Do some research, but don’t get too bogged down by the options.
At the free level they’re pretty similar and that’s all we need right now.
Before we get started, I have two bonus tips for you:
- Consider using an email address connected to your website rather than a generic gmail, outlook, hotmail, yahoo, etc. account. This will increase your odds for landing in people’s inboxes. Plus it looks more professional.
- Decide on a name for your mailing list. Don’t call it a newsletter or a mailing list when you’re talking to your readers. We associate this with junk mail. If you call it a Fan Club or a VIP Readers Group or a Reader Club, your readers will feel more like they belong to something special and intimate. And that’s exactly what you want your newsletters to feel like. You are not going to spam them! You are letting them into your world.
On your newsletter service you will:
- Create a landing page to collect email addresses from your website. Not the “blog follow” emails that send people a notification when you put up a new blog post. This is for your VIP Readers. Organic email address collection from your website will typically be the most engaged people on your list. You may want to create a separate audience for these organic sign ups. Check out Newsletter Ninja: How to Become An Author Mailing List Expert by Tammi Labrecque for more details on this.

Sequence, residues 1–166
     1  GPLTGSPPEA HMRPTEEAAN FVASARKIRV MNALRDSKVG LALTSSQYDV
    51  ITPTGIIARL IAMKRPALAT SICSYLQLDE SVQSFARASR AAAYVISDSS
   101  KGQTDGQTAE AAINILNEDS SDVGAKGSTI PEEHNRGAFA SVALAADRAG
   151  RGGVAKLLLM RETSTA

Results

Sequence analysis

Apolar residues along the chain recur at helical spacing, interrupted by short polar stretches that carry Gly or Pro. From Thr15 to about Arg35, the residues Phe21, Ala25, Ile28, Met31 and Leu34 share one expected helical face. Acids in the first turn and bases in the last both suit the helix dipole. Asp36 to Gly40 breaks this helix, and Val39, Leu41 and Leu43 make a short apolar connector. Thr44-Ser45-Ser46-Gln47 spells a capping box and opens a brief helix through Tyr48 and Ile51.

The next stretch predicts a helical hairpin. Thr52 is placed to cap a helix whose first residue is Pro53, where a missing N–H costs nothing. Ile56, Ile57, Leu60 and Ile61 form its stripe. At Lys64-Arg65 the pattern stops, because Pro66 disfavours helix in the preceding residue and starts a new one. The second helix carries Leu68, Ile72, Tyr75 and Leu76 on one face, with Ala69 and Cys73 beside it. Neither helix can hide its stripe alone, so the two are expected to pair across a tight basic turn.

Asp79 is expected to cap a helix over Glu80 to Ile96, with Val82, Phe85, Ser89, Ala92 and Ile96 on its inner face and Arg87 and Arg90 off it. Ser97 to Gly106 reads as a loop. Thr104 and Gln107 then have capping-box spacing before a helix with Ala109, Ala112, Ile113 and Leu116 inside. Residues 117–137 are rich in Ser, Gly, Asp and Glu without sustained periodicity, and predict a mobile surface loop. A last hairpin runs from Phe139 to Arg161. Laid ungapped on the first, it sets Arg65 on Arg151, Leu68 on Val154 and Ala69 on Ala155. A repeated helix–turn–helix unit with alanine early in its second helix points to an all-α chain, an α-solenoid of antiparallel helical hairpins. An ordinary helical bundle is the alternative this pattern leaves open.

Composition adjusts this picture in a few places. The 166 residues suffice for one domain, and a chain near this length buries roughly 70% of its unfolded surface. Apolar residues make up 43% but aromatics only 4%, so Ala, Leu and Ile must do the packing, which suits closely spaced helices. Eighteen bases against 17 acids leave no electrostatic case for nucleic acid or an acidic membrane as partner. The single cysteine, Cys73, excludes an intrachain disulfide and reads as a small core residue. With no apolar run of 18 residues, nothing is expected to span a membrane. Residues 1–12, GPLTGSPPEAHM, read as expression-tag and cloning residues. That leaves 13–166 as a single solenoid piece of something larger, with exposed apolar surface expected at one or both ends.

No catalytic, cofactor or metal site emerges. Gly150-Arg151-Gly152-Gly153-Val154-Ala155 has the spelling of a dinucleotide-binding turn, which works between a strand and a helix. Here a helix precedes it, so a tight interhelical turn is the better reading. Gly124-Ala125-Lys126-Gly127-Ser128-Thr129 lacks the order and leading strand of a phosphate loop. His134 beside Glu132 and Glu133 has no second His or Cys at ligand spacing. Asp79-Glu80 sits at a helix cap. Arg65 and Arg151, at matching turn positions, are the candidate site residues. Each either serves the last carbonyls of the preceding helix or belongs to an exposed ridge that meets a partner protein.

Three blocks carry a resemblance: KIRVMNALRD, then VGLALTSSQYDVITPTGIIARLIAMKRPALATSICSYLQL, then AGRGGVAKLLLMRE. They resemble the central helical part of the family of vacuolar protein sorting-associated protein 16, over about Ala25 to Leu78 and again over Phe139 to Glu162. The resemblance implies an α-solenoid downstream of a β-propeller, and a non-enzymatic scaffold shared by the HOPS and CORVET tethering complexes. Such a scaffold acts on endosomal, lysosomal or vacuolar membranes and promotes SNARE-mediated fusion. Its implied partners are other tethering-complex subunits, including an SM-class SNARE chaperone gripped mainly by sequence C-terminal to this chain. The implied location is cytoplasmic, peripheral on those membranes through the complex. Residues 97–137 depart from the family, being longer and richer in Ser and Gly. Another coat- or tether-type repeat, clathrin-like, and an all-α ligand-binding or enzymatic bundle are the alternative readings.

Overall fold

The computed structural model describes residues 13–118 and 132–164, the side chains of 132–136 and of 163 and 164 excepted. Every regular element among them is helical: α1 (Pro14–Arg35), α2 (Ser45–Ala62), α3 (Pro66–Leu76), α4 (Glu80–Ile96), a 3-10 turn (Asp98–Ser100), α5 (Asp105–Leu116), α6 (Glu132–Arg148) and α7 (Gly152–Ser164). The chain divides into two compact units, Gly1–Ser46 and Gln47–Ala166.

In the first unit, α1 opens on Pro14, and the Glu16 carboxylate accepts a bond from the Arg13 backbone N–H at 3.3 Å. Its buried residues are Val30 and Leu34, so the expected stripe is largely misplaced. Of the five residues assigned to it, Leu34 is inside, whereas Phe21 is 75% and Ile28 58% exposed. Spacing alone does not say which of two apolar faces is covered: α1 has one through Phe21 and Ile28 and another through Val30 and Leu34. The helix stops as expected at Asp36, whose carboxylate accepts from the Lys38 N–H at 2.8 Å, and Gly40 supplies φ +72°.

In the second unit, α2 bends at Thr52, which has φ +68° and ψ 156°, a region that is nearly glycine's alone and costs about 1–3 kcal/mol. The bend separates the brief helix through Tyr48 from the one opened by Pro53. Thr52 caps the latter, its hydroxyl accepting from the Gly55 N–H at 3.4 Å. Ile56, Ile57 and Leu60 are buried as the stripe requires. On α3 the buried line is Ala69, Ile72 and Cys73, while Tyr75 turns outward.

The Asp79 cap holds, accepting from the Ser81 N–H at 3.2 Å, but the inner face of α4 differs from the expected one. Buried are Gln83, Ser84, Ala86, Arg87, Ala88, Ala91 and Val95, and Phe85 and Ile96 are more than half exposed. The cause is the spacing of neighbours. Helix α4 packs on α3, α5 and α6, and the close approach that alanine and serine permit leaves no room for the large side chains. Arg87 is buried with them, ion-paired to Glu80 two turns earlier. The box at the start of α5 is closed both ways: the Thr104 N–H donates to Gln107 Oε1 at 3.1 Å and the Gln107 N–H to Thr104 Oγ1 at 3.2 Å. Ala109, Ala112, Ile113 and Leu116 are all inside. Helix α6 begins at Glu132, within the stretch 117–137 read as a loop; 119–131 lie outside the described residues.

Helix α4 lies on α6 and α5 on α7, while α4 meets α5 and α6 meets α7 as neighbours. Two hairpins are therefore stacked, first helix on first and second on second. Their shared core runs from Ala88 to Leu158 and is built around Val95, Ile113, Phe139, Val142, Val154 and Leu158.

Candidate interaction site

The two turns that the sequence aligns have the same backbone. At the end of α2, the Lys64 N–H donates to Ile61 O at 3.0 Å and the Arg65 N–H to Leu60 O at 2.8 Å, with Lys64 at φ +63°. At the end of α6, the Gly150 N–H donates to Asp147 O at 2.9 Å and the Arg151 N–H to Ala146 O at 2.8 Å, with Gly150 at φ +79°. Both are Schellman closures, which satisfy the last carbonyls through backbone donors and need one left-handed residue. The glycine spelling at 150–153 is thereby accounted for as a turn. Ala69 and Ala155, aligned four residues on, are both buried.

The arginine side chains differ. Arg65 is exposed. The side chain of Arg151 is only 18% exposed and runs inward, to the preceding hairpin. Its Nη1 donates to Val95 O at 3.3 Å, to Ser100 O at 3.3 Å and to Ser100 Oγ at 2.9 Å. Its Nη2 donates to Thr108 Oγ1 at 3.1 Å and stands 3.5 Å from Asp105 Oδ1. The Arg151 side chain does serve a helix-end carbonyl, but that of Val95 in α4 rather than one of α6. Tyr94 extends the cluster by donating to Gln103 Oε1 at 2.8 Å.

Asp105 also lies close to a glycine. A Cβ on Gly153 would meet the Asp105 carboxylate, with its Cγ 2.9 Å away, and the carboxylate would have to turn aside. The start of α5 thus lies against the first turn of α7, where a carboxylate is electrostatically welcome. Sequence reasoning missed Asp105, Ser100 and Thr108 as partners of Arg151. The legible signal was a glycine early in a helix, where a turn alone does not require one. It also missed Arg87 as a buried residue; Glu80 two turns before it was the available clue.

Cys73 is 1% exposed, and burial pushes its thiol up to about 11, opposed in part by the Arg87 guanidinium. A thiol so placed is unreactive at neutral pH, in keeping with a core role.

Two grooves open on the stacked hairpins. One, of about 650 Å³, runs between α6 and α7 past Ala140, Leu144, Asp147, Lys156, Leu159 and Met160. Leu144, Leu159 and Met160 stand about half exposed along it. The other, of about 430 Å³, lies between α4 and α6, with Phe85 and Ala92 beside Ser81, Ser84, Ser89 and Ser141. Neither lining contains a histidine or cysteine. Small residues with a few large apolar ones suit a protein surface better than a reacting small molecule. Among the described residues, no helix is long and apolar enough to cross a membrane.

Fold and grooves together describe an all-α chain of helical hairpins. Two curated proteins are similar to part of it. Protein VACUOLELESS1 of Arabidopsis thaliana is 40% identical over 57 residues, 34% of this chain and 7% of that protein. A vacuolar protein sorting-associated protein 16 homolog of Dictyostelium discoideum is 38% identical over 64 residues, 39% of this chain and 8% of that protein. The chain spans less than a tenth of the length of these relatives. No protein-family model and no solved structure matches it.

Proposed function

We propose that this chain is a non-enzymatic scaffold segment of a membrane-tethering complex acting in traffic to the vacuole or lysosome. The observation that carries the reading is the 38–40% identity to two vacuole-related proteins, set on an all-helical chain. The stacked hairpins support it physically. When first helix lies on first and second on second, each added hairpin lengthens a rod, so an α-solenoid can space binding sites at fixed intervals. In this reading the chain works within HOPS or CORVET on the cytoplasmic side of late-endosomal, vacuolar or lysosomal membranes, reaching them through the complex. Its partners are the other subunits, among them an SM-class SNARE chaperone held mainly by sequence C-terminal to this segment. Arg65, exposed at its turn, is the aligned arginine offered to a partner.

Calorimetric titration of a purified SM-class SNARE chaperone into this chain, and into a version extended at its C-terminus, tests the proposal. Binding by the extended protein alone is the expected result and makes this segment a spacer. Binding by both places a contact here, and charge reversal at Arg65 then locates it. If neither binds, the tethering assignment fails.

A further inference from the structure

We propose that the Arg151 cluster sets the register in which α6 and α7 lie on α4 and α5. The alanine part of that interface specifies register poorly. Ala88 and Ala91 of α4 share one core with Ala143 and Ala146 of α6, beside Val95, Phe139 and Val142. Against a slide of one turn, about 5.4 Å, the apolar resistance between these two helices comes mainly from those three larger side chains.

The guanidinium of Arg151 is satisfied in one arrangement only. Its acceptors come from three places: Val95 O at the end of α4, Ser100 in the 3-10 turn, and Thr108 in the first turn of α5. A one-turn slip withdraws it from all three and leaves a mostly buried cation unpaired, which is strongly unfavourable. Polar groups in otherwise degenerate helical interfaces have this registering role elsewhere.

- Create a simple welcome email automation. This is triggered any time someone joins your list. Keep it simple, remind them who you are and why they are receiving this email, request they add you to their contact list, provide a link to follow your preferred socials, or if you have a Facebook Group. One link is best.
- [Extra Credit] Create a cookie email automation, either with a link to your reader magnet or to another freebie. Reward them early for opening your mails. This can be triggered to sent a couple of days after they sign up.
- [Extra Credit] Create a series introduction email automation, if you are a series author. Let them know what you’re working on, provide links to your most recent work. Keep the tone friendly and informative, not salesy. This should come a couple of days after your last email.
- You can make this onboarding sequence as simple or complex as you like. Multi genre authors might get fancy here. In my opinion, simple is better. You only really need the welcome email, and maybe the cookie.
- Set up BookFunnel (#3b, below) and integrate with your newsletter service. You can integrate with as many sites as you use to collect addresses from. Follow the FAQs of your chosen service. It’s pretty straightforward.